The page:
5. Structure meeting and break-times in ways that foster more mixing and happenstance. Recent studies at Harvard University suggest that physical proximity and spontaneous interactions foster creativity. This has led me to wonder how I as a Dialogue Education practitioner can better structure meeting and break-time environments to increase the opportunity for people to interact with a greater number and variety of people. For starters, in designing meeting processes, perhaps I’ll make greater use of tasks that invite people to share “cocktail party style” or “speed-dating fashion.” Maybe I’ll put the beverages at one end of the room and the snacks at the other.

I’m looking forward to playing with these changes in the idea-generation process and to discovering how these revised practices help me and the groups of which I am a part to be even more creative and productive.

What ideas come to mind for you?

What might a Dialogue Education-based idea-generation process, one that puts the research outlined above into practice, look like?

How might a Dialogue Educator introduce such a practice to a group or in meeting?


Michael Culliton, GLP Partner, is co-facilitating a session entitled Educational Jujitsu for the 21st Century: Applying User Research and Design in Learning at the Learning & Change International Dialogue Education Institute, Oct 24-27, 2013 in Baltimore, MD, USA, where he's also offering one-on-one private consultations.

You can also work with Michael is an upcoming workshop:  Learning to Listen, Learning to Teach   |   October 1-4, 2013   |   San Diego, California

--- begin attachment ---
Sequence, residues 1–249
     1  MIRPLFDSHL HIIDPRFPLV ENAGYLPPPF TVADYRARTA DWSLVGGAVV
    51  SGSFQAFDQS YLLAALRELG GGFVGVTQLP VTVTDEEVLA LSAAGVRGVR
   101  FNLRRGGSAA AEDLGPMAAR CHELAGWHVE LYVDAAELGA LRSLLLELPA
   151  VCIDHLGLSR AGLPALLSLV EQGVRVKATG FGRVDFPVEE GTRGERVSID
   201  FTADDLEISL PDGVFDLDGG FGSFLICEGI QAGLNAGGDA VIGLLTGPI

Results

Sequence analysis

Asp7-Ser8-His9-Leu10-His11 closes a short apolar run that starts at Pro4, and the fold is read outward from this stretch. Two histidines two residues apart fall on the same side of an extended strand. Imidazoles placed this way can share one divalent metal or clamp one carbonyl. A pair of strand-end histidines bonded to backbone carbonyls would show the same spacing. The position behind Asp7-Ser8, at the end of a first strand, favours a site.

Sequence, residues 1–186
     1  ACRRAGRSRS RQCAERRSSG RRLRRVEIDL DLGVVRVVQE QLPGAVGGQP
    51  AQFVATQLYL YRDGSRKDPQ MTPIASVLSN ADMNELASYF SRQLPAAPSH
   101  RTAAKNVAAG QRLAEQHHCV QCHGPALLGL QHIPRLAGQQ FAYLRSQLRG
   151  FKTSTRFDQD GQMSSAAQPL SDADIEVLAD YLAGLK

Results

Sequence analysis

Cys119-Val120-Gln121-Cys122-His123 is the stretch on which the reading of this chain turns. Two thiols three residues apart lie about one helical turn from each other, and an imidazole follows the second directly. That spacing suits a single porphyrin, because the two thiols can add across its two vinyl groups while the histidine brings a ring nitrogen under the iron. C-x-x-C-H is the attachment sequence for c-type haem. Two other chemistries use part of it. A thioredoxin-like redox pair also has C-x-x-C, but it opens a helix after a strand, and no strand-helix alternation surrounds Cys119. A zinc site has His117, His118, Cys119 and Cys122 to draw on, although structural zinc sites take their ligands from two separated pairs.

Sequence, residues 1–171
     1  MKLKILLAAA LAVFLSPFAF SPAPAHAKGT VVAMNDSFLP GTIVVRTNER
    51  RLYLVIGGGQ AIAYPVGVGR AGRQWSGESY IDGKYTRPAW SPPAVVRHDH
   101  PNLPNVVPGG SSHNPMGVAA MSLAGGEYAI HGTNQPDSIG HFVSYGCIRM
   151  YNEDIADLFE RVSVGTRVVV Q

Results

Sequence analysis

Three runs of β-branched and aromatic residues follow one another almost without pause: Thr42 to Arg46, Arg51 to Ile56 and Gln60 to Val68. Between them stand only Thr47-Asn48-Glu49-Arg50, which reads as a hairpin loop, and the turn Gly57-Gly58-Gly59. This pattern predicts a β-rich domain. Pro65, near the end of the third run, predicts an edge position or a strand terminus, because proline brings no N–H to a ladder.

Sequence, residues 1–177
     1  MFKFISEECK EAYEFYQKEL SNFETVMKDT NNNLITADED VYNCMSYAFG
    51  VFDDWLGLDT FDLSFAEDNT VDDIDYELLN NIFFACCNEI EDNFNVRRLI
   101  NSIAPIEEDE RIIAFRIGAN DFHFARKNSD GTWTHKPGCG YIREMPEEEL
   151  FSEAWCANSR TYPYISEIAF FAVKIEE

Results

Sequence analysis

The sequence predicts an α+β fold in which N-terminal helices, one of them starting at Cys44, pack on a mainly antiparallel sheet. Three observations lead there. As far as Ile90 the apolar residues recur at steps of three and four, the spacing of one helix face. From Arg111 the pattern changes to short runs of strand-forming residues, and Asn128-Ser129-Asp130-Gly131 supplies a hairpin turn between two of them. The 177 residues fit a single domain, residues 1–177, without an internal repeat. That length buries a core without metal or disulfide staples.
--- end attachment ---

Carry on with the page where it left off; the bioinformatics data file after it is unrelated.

What Do You Think Causes Malaria? Asking Questions Appropriately

The other day I had a conversation with an international DE practitioner who really got me thinking. She said: 

The GLP approach is great -- I believe in dialogue and open questions to make dialogue happen. But, people also need information! Especially in the fields of public health and financial literacy, there are right and wrong answers to questions. The dialogue approach I've seen poses questions to which any answer is correct and that's just not always the case. It's not useful to ask "what do you think causes malaria?" The people in our groups are busy trying to make ends meet -- they want to talk but they also came to learn something -- not just talk. I'm not sure the dialogue approach is right for that.

Well, I agree with her wholeheartedly -- and not at all.

Over the years, I've also seen many practitioners needlessly pose questions to which there is a correct answer. I think people understand that engaging learning involves asking questions and as a result they can become so intent on asking instead of telling that they can go too far and ask what could more easily be told. For instance:

  1. How does the pill work to prevent pregnancy?
  2. How do companies calculate credit score?
  3. What is official poverty rate in your city?

Any one of us could generate a zillion and one questions to which there is indeed a correct answer. But these are typically not the questions we want to pose to learners (unless, of course, our learners are taking a test to pass an exam as a public health nurse, a financial advisor, or a worker for Temporary Assistance for Needy Families).

Dialogue Education practitioners need not feel shy about telling instead of asking. The trick – as described years ago by our very own Dr. Jane Vella – is this:

Don't tell what you can ask. Don't ask if you know the answer - tell in dialogue.

That's always been a tough axiom for folks to grasp in our introductory course. And, I dare say, it's a hard one for even some seasoned Dialogue Education practitioners to fully internalize. 

Here's how I might transform the three questions above from simple asking to telling in dialogue, with this axiom in mind.